According to the definition of GLA of Beppu et al. and Kawazoe et al. , we defined GLA as follows: 1) an extremely large left atrium depicted by M-mode and B-mode echocardiograms (left atrial diameter ≥65 mm on M-mode echocardiogram); and 2) a left ventricular posterobasal wall bent inward and lying between the dilated left atrial cavity and the left ventricular cavity, with a posterobasal segment that bends >30 mm in the long-axis view on the B-mode echocardiogram immediately after the onset of diastole (Fig. 1).
1.2 Patient Group
Between February 1992 and August 1995, a total of 180 patients underwent a modified maze procedure simultaneously with open heart surgery for refractory AF and underlying organic lesions. Nineteen patients (11%) had GLA (GLA group: 8 men, 11 women; mean [±SD] age 57 ± 11 years, range 30 to 70) and underwent operation during the late phase of the time period when the results of the maze procedure were stable. All patients had mitral valve disease and chronic AF defined as AF lasting >6 months. Three patients had mitral stenosis, nine had mitral regurgitation, and seven had both mitral stenosis and regurgitation. The modified maze procedure was simultaneously performed with mitral valve surgery (n = 19), aortic valve surgery (n = 3), tricuspid annuloplasty (n = 7) and left atrial plication (n = 8) (Table 1).
From the same study group, 32 consecutive patients with mitral valve disease without GLA were selected as the control group (14 men, 18 women; mean age 59 ± 8 years, range 43 to 70). To avoid the “learning curve effect” of the maze procedure, they were selected from the patients who were operated on during the same period as those with GLA. All patients had mitral valve disease and chronic AF. Fifteen patients had mitral stenosis, 8 had mitral regurgitation and 9 had both mitral stenosis and regurgitation. Concomitant procedures included mitral valve surgery (n = 32), aortic valve surgery (n = 17), tricuspid annuloplasty (n = 13) and coronary artery bypass graft surgery (n = 2). The control group had a higher incidence of mitral stenosis and aortic valve replacement. In the GLA group, the duration of AF was significantly longer than that in the control group (Table 1). We excluded patients with reoperation from the study.
1.3 Maze Procedure
We have modified the maze procedure originated by Cox et al. . Details of the procedure we performed have been reported elsewhere . The major modifications include changes in atriotomy lines, aiming at preserving sinus node arteries, and usage of cryoablation instead of atriotomy and reanastomosis to simplify the procedure. Other modifications are transection of the superior vena cava and detachment of the left ventricle at the circumferential left atriotomy around the pulmonary veins to improve exposure and manipulation of the mitral valve.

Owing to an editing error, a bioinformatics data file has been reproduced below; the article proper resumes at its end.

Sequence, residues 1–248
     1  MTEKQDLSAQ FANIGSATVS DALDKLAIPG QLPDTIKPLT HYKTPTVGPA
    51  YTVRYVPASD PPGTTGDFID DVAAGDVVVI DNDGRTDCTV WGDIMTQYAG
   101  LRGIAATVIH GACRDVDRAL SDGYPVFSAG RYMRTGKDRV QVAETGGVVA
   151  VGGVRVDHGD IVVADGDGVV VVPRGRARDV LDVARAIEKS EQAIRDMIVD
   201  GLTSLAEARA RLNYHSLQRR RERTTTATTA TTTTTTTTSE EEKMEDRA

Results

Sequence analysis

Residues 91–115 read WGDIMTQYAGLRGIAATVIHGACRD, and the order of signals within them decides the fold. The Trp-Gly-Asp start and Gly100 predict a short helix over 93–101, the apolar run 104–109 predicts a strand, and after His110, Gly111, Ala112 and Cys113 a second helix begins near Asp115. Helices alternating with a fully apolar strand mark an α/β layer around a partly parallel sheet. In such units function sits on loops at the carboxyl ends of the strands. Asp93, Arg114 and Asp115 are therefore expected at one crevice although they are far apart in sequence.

1.4 ECG findings
A standard 12-lead ECG was recorded in all patients during their regular visit to our hospital, which was once a month after discharge. The recordings at 1, 3, 6 and 12 months after the operation were analyzed to determine cardiac rhythm and the presence or absence of electrical atrial activity (P waves).
1.5 Ultrasound Examination
Ultrasound examinations were performed with a commercially available ultrasound system (SSD 870, Aloka, Tokyo, Japan; SSH-160A, Toshiba, Tokyo, Japan; or Sonos 2000, Hewlett-Packard) using a 2.5-MHz imaging transducer before (1.9 ± 4.5 months) and 1 (n = 44), 3 (n = 34), 6 (n = 33) and 12 months (n = 41) after the procedure. Left atrial diameter was measured at the time of aortic valve closure on the M-mode echocardiogram in the parasternal long-axis view. End-diastolic and end-systolic internal left ventricular diameters were determined from the M-mode echocardiogram of the left ventricle, and fractional shortening was obtained.
Transmitral flow velocity was measured with pulsed Doppler echocardiography, with a sample volume positioned at the level of the mitral tip in the apical four-chamber view and was recorded on a stripchart at a paper speed of 100 mm/s. Peak velocity and the time-velocity integral of the late filling wave (A wave) were determined. When the deceleration line of early filling wave did not reach the baseline, the time-velocity integral of the A wave was measured as an area above the extrapolation line of early filling wave deceleration. Atrial filling fraction was derived as the ratio of the time velocity integral of the A wave to that of total diastolic filling. Each measurement was obtained as an average of 6 to 8 consecutive beats. We arbitrarily considered that an A wave peak velocity ≥10 cm/s indicated echocardiographic evidence of effective atrial contraction. Data were analyzed by an observer (S.Y.) who had no knowledge of clinical and patient information.